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Pop Eye Robi Rosa's Putting Himself Back In Front…Sassy Salsa And Magnificent Merengue

Pop Eye Robi Rosa's Putting Himself Back In Front

Steve Hochman

Special to The Times

April 27, 2003
Copyright © 2003
Los Angeles Times. All rights reserved. 

Robi "Draco" Rosa has had a lot of guises in an already extensive music career.

He started out as a member of the Latin-pop teen group Menudo, then fronted rock band Maggie's Dream, released several Portuguese and Spanish solo albums and, perhaps most famously, co-wrote and co-produced fellow former Menudo-ite Ricky Martin's biggest hits, including "Livin' La Vida Loca" and "She Bangs."

Now Rosa is hoping to establish another identity: Robi Rosa.

Rosa is finishing "Mad Love," his first English-language solo album (not counting a version of one of his earlier albums redone with English vocals), due in August from Columbia Records.

This has been such a priority that for two years he has turned down lucrative writing and production offers, and says he'll continue to do so for the foreseeable future.

"Here we are after producing a few records and writing several songs that have been hits, and I'm hoping not to go that way again," says Rosa, 29. "I'm not going to say never, but to be honest, it's not something I want to do. It's getting easier to say no as the days go by."

The New York-born musician says that for "Mad Love" he resisted the temptation to tap Martin or other famous friends to guest on the recordings.

"Those are different projects," he says. "I wouldn't think of a Ricky or J.Lo or anyone else on 'Mad Love.' "

Columbia executives are showing support for Rosa's voyage of self-discovery , even as it's been a struggle at times for the artist. Rosa says he became lost in the creative project last year, though was recharged by a car trip along Pacific Coast Highway with a copy of Miles Davis' "Bitches Brew" in the stereo.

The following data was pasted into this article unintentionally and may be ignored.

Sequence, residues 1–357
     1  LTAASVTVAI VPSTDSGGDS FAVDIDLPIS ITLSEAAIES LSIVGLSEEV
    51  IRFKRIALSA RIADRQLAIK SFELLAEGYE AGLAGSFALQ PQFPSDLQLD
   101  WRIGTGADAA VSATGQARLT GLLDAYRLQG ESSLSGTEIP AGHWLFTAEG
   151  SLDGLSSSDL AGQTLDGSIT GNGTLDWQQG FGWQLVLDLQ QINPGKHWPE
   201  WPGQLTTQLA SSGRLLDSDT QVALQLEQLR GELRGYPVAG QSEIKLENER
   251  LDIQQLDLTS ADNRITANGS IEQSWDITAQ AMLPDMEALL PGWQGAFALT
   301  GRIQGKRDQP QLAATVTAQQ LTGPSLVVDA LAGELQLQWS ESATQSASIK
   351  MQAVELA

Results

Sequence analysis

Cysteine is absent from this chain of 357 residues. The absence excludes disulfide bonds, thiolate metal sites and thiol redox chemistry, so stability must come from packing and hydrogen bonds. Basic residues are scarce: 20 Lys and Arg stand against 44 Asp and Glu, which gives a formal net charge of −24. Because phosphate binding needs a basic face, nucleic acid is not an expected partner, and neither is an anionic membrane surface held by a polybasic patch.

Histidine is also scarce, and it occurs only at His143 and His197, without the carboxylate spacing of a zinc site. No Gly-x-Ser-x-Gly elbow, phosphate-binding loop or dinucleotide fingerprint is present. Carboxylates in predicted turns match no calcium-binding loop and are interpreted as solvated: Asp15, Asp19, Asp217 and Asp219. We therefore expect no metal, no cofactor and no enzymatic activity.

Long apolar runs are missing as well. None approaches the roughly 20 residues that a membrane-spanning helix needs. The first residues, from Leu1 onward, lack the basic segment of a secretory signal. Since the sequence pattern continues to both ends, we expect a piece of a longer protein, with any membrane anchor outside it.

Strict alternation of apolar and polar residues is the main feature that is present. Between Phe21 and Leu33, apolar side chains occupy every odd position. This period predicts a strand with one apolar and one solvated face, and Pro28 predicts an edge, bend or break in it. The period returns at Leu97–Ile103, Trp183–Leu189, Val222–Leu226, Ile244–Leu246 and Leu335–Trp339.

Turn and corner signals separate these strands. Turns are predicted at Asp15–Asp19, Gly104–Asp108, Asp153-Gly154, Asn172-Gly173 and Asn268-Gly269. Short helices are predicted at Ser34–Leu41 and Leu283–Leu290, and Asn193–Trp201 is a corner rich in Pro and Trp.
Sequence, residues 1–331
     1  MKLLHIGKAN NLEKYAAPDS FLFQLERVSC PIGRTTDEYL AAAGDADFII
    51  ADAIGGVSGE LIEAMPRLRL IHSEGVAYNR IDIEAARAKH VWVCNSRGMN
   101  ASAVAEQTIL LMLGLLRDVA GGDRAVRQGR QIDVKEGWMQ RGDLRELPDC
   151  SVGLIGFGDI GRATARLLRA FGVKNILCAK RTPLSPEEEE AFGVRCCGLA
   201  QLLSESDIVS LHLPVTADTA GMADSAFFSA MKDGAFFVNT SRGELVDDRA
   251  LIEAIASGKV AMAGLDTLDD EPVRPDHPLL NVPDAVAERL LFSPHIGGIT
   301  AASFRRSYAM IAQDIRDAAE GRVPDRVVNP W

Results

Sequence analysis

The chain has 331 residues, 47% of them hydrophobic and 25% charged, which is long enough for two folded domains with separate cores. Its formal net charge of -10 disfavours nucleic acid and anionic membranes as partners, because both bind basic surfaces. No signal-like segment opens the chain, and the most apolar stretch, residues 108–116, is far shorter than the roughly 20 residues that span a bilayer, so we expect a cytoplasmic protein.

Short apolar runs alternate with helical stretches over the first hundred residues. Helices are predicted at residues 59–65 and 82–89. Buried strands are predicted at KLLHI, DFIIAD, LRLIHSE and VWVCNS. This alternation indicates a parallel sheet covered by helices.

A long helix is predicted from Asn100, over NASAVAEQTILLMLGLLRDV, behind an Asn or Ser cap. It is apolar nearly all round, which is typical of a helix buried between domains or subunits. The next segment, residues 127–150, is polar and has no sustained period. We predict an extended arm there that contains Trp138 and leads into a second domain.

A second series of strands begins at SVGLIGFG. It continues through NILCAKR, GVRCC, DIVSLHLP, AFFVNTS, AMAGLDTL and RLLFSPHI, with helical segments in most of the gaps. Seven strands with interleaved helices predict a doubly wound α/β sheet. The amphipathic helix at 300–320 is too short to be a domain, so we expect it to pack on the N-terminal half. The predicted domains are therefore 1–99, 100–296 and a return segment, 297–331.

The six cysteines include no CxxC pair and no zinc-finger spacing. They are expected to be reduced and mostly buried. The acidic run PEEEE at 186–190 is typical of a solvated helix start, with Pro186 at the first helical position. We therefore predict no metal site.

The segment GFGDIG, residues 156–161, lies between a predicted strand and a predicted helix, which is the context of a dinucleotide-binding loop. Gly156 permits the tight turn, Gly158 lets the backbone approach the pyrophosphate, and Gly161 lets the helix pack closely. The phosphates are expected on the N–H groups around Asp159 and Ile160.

He's also traveled extensively in search of inspiration, working with musicians in Brazil, Puerto Rico and Spain, as well as New York, Miami and, primarily, at a new recording studio complex he has built in Los Angeles, where he now lives. Rusty Anderson, who has been playing guitar in Paul McCartney's band, is Rosa's main musical partner, while Van Dyke Parks added some string arrangements. There are clear Latin components in much of the music, but the overall tone is romantic pop reminiscent of Sting.

The studio is headquarters for his company, Phantom Vox, which is overseeing a variety of recording, management and media projects. He has signed several Puerto Rican acts, produces a radio show aired on the island and is exploring the idea of a Phantom Vox newspaper also for Puerto Rico. But the focus is on Rosa's own musical identity.

"My goal is to put this album out, support it and get back in and do the next one," he says. "It's all about having a body of work."

Sassy Salsa And Magnificent Merengue

By Reviewed by Gerald Martinez

April 27, 2003
Copyright © 2003
New Straits Times Press (Malaysia) Berhad. All rights reserved. 

ELVIS CRESPO - Greatest Hits (Columbia) NOW in his early 30s, this Latin rocker was born in New York. His parents were of Puerto Rican descent, and he moved to Guaynabo, Puerto Rico, with his mother at age six.

He started his music career as a back-up singer for several bands, while he was still a student at the Metropolitan University of Puerto Rico.

He was still working for his degree in Business Administration in 1995, when he was offered a gig as the lead vocalist in a merengue group called Grupo Mania.

Elvis wrote and sang their No. 1 hit, Linda Es, but his good looks, ambition and strong voice - with a slight rasp to give it character - made it inevitable that he would take the solo route.

He was an immediate success. His first album, Suavemente, topped the charts and with the title track and the follow-up, Tu Sonrisa, he broke all kinds of records on the Latin music charts.

Those songs are found here. They are engaging salsa numbers which will get your feet a-tapping and itching to dance.

Blazing horn arrangements plus strong vocal choruses enliven the tune no end. Crespo is far more traditional in his arrangements compared to the disco/R&B/hip-hop flavours of Enrique Iglesias and Ricky Martin.

But having said that, there is a techno remix of Suavemente on the album.

There are tonnes of uptempo tunes here and the energetic arrangements will liven up your day no end.

If you have any liking for Latin music - salsa and merengue in particular - it's a great listen. And if you happen to actually dance these styles, this album is just perfect to practise to.

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